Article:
And the QUIC is basically using the same concept.
And I believe that's because basically to play with other congestion control already existing in the Internet nicely.
And the second reason was when you define some new congestion control, basically, I think in terms of RFC, it's recommended to start with the Reno first and then add some other things later.
And I think the Reno and the QUIC is too, I think that there's only two RFC out there about the congestion control on the Internet.
So yeah, and the BBR or there are tons of other congestion control algorithm out there from the academic people or industry, but I think only two of them is a kind of official thing we can use.
So like, I guess part of this is you use congestion control to avoid like flooding the network with loads of traffic.
And basically, between you and me and other people's computers is a lot of network hardware, right?
And it's got physical constraints.
And so if you just send as fast as you can locally, somewhere along the network, things might get a bit messed up.
And the congestion control is about mitigating some of that and being sensible.
But what sensible means is dependent on an algorithm.
So there's lots of ways you could do this. And like you said, you mentioned some already like different approaches to this problem.
And with QUIC especially, it's a user space protocol.
Now people are free to experiment with kind of whatever they want.
But for the people who are not congestion control experts, there's a risk that the, what seems like a simple way of implementing things could really hurt the environment around them or end up in unintended consequences.
So the recommendation for New Reno was like, let's pick the simplest, one of the simplest we can do that we know is safe and has an RFC and say, you do nothing else, do this one.
But if you want good performance, you need to do something else.
And that's kind of like where you came in to say, yeah, let's try modularize QUIC.
And we've done New Reno, pick that box.
Let's do better now. Yeah, yeah. So I think making a base line is very important, meaning I think the QUIC recovery draft explains well about how to, I mean, what type of the Reno, the congestion control to use.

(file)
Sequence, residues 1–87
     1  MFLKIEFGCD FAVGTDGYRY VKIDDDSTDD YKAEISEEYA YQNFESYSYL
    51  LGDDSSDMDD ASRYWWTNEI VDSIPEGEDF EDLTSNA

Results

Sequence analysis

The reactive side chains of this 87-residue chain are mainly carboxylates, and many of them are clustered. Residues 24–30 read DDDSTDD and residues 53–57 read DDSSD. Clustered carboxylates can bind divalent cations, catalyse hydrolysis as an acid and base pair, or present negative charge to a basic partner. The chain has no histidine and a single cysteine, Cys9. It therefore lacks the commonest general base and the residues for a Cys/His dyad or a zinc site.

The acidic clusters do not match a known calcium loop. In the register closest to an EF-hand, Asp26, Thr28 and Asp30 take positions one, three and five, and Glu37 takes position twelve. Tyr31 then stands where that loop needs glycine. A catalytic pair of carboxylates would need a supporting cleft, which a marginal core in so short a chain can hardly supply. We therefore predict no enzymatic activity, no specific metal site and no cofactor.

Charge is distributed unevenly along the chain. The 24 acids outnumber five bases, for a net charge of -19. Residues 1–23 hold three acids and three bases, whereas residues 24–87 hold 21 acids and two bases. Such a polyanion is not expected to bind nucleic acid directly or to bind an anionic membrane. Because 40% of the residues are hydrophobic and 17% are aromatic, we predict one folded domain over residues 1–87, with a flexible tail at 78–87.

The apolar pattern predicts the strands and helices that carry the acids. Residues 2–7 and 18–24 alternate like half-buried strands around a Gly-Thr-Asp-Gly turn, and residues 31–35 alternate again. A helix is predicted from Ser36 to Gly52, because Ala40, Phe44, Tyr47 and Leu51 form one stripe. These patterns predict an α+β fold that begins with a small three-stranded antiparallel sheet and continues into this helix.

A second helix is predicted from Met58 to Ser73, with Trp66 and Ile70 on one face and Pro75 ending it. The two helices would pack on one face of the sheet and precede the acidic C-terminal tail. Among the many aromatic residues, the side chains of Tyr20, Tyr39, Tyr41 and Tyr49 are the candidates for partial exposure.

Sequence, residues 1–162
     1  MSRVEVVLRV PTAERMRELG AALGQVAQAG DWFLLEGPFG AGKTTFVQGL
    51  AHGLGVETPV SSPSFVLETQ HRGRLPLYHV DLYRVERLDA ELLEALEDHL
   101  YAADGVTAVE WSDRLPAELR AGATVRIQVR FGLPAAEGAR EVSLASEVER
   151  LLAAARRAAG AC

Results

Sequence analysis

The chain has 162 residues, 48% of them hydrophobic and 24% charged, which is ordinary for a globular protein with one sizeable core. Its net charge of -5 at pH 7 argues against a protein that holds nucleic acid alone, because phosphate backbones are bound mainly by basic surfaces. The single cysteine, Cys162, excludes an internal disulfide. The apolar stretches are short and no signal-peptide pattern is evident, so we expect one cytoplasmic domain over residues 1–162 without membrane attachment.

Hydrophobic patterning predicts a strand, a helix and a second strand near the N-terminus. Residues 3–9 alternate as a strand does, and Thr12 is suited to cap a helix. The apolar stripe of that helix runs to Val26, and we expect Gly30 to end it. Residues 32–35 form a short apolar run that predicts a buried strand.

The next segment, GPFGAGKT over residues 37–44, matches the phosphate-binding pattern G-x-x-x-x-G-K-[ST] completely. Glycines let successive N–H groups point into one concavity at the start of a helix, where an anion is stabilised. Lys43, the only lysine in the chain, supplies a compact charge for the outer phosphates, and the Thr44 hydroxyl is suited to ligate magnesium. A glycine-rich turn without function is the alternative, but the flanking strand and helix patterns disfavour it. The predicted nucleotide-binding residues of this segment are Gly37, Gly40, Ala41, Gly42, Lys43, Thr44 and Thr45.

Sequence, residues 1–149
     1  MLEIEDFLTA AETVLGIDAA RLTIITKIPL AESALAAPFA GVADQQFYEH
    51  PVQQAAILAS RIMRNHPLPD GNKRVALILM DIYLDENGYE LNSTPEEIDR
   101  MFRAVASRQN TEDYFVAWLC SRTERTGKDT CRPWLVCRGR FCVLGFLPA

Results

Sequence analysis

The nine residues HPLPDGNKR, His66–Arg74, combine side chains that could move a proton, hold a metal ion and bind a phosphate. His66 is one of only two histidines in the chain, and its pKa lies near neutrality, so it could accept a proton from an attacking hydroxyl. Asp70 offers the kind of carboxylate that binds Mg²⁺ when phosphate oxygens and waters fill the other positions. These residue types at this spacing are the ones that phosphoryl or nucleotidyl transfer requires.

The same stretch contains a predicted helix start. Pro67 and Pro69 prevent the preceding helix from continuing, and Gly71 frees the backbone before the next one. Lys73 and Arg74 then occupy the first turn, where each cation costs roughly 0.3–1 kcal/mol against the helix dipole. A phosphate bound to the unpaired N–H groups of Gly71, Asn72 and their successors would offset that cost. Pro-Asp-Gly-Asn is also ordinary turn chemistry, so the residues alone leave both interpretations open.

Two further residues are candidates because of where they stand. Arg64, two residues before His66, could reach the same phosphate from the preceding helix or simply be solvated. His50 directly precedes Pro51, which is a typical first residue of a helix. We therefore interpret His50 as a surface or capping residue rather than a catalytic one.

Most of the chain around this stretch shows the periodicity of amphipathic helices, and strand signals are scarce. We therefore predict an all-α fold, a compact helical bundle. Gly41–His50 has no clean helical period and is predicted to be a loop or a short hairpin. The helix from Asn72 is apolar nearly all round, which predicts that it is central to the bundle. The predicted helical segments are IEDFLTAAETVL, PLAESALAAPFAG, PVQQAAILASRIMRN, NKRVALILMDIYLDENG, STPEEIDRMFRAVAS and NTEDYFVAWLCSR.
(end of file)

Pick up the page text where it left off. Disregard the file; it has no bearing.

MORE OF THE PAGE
I mean, it's pretty simple.
And also there are lots of pseudo code in the end. So you can just use them for your implementation.
And yeah, and that's a basically starting point.
And after you wrote the congestion control algorithm, then you need to wait to test it.
And you also need to make sure that the algorithm is implemented correctly.
And basically, when you hit the congestion or when you hit the packet loss, and you need to see how it reacts.
And just make sure that it works as the algorithm described. Yeah.
And I see, since the QUIC is based on UDP, and the people tend to think that the UDP doesn't have any type of control.
And the one QUIC added to the UDP was basically all the thing TCP is doing, like flow control, congestion control.
There is a window management and the recovery and the concept of the stream, things like that.
And I have seen some people doing some transfer on top of UDP and did some mistake and actually sending too much traffic.
I heard that there are some online game based on UDP and they tend to send too much packet to the client or allow the client to send too much packet to their server without any congestion control.
And that basically makes the congestion collapse, means that basically every queue in the network path is full and no one can do anything because every client is already sending the packet at it's a max rate, so no one can do anything.
And that's basically the congestion collapse. And congestion control is pretty important to prevent those things from happening.
Funny, in the UK, I mean, I love using analogies that are just bad.
That's kind of one of the highlights of this show.
So in the UK, we have what are called smart motorways where we have traffic congestion, where everyone is kind of trying to drive as fast as they can within the speed limit.